1. As a matter of law, was the transaction between the Association, Cox and Cox, Ohman & Brandstetter a conflict of interest transaction and, if so, did Cox obtain specific board approval required by state law and the Association Bylaw regulating conflict of interest transactions?

2. Did the District Court err in precluding Appellants from inquiring into the early billings of Cox, Ohman & Brandstetter and then use information from those billings to conclude that all charges were in furtherance of corporation business and that there was only an 8% average markup on the bills?

3. Did the District Court err in precluding the claim of negligent misrepresentation and fraud against Roger Cox?

B. Re Appellees Star Valley Ranch Association and its Board of Directors

1. Did the District Court err in not applying the more specific bylaw in determining if the increase in the size of the board of directors received the necessary affirmative vote?

2. Did the District Court err in concluding that the Association was not required to maintain records of actions taken by the members and the board?

3. Did the District Court err in determining that the Board exercised good business judgment in its decision to not seek the return of overpayment of salaries and benefits from prior general managers and the return of monies earned from a conflict of interest transaction without specific board approval[?]

Defendant Roger Cox (Cox) and the law firm of Cox, Ohman & Brandstetter (the law firm) reply with these issues:

1. Does this Court lack subject matter jurisdiction?

2. Did the trial court properly grant Roger Cox and Cox, Ohman & Brandstetter's motion for summary judgment on the equitable defenses of estoppel by acquiescence, laches and promissory estoppel as against Appellants' shareholder derivative lawsuit?

The Association and the Board offer the following statements of the issues:

1. Was the District Court correct in concluding that Appellees' properly placed Motion for Summary Judgment with respect to the change in the number of members of the Board of Directors from five to seven ought to be granted when Appellants failed to come forward with any competent and admissible evidence to call into question the vote of the membership to effect such change?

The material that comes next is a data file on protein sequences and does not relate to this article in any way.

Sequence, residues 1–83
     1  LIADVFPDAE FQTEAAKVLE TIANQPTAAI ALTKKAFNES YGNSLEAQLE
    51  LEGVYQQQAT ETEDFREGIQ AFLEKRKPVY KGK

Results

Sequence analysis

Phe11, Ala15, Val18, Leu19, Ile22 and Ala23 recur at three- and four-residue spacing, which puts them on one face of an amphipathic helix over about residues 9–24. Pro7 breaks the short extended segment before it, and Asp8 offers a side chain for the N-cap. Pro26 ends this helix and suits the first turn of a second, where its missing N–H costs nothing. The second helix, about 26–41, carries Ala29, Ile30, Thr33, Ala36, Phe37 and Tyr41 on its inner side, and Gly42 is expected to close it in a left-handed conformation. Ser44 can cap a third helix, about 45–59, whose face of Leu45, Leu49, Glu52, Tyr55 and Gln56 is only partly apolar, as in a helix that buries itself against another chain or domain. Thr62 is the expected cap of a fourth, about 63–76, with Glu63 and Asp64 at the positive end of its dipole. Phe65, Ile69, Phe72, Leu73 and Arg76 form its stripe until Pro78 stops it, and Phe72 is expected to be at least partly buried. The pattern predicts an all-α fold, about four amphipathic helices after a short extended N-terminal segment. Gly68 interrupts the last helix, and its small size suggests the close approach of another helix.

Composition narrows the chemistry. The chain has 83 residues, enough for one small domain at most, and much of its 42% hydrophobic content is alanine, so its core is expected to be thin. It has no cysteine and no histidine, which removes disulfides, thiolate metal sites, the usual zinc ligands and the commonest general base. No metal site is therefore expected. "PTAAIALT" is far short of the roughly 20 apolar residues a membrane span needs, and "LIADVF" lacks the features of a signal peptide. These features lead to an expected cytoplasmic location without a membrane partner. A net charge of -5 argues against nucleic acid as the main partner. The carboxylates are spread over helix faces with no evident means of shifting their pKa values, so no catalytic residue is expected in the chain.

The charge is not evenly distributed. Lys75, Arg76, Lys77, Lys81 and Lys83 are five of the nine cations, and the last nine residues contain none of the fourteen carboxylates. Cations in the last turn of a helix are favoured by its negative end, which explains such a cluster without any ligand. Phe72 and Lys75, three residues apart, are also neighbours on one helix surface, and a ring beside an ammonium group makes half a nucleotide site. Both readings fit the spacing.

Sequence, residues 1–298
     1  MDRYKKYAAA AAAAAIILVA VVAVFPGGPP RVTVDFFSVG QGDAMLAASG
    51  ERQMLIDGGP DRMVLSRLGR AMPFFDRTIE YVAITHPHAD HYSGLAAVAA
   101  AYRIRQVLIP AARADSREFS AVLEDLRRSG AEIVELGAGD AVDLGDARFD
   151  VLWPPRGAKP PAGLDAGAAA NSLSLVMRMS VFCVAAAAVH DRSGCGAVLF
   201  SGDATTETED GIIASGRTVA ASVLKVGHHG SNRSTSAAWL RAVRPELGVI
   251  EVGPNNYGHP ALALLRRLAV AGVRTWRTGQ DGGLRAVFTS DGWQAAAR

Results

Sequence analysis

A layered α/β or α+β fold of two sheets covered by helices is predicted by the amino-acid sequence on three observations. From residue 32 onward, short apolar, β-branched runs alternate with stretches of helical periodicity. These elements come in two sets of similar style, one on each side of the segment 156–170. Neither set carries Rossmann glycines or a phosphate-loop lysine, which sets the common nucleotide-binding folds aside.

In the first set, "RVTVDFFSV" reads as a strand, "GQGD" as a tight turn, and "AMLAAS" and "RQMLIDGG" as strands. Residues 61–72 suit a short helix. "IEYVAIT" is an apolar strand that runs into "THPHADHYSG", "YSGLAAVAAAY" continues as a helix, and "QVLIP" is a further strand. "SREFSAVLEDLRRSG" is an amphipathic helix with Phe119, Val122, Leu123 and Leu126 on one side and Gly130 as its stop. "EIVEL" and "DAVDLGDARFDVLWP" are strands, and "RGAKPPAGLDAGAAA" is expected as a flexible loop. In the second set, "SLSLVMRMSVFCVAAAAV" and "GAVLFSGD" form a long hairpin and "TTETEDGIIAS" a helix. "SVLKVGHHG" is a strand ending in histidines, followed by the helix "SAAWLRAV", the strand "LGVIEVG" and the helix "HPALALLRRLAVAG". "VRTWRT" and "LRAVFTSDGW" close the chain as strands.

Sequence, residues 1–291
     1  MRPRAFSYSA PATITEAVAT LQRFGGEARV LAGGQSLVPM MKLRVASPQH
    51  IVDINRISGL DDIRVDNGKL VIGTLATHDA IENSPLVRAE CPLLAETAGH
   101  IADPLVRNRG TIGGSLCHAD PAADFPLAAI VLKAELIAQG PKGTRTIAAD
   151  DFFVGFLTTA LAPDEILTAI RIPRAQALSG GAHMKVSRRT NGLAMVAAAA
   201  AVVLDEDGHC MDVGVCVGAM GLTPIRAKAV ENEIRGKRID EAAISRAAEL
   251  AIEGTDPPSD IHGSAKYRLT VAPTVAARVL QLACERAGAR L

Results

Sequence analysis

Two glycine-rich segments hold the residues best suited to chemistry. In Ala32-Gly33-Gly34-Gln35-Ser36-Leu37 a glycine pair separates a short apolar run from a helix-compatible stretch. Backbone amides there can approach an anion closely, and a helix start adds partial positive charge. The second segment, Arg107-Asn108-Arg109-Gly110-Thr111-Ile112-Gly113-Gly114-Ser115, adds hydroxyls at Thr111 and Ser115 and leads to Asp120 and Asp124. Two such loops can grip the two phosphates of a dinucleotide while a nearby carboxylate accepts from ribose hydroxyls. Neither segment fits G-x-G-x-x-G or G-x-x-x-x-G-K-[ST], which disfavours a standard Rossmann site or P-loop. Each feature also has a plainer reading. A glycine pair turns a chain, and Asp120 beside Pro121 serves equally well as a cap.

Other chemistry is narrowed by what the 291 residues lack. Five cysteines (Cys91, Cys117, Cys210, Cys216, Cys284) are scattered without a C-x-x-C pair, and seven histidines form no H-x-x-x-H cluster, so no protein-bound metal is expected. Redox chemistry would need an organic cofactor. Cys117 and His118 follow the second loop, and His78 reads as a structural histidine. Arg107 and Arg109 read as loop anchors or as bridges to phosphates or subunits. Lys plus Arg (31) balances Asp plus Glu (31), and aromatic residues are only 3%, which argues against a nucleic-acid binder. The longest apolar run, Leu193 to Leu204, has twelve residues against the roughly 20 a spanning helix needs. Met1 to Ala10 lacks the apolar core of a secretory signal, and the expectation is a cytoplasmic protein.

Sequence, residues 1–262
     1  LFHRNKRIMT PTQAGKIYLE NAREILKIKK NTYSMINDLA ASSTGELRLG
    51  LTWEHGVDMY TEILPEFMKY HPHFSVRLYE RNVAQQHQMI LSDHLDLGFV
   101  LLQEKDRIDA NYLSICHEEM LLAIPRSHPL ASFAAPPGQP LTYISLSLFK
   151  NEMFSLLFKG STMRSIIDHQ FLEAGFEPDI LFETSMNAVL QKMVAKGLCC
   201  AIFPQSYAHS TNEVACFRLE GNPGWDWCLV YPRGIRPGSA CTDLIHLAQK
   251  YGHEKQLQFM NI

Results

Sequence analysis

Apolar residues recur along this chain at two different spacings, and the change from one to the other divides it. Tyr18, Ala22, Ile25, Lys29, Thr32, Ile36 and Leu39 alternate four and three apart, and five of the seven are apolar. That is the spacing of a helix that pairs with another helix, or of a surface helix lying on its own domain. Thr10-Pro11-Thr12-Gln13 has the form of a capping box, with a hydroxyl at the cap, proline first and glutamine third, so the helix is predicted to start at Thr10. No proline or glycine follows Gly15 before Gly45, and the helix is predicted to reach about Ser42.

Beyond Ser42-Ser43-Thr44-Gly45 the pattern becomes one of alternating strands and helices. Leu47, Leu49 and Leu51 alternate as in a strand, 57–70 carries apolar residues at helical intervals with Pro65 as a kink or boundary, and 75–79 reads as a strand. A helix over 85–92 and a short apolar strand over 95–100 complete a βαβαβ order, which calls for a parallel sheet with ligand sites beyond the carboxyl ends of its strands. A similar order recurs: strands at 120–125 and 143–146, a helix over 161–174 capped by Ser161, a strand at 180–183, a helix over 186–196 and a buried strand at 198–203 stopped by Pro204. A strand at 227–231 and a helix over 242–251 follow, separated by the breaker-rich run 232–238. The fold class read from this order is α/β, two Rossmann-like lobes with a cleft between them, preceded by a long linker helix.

2. Was the District Court correct in concluding that Appellees' properly placed Motion for Summary Judgment with respect to Appellants' derivative claims concerning expense reimbursements to Cox ought to be granted when Appellants failed to come forward with any competent and admissible evidence to call into question the validity of those reimbursements, or to identify any legal authority to allow Appellants to challenge the actions of the Board?

3. Was the District Court correct in concluding that Appellees' properly placed Motion for Summary Judgment with respect to Appellants' derivative claims concerning alleged salary overpayments to Crittenden and Zimmer ought to be granted when Appellants failed to come forward with any competent and admissible evidence to call into question the validity of the decision not to pursue recovery of those alleged overpayments, or to identify any legal authority to allow Appellants to challenge the actions of the Board?

STANDARD OF REVIEW

[¶ 3] Our oft reiterated and well established standard for reviewing appeals from a summary judgment order:

When we review a summary judgment, we have before us the same materials as did the district court, and we follow the same standards which applied to the proceedings below. The propriety of granting a motion for summary judgment depends upon the correctness of the dual findings that there is no genuine issue as to any material fact and that the prevailing party is entitled to judgment as a matter of law. Reed v. Miles Land and Livestock Company, 2001 WY 16, ¶ 9, 18 P.3d 1161, ¶ 9 (Wyo.2001). A genuine issue of material fact exists when a disputed fact, if proven, would have the effect of establishing or refuting an essential element of an asserted cause of action or defense. We, of course, examine the record from a vantage point most favorable to that party who opposed the motion, affording to that party the benefit of all favorable inferences that fairly may be drawn from the record. Scherer Construction, LLC v. Hedquist Construction, Inc., 2001 WY 23, ¶ 15, 18 P.3d 645, ¶ 15 (Wyo.2001); Central Wyoming Medical Laboratory, LLC v. Medical Testing Lab, Inc., 2002 WY 47, ¶ 15, 43 P.3d 121, ¶ 15 (Wyo.2002).

Burnham v. Coffinberry, 2003 WY 109, ¶ 9, 76 P.3d 296, ¶ 9 (Wyo.2003). Questions of law are reviewed de novo.

Martin v. Committee for Honesty and Justice at Star Valley Ranch, 2004 WY 128, ¶ 8, 101 P.3d 123, 127 (Wyo.2004). We may uphold the grant of summary judgment upon any proper legal ground finding support in the record. Coates v. Anderson, 2004 WY 11, ¶ 5, 84 P.3d 953, 956 (Wyo.2004).

DISCUSSION
Jurisdiction

[¶ 4] Before getting to the substance of the parties' arguments regarding the propriety of the district court's summary...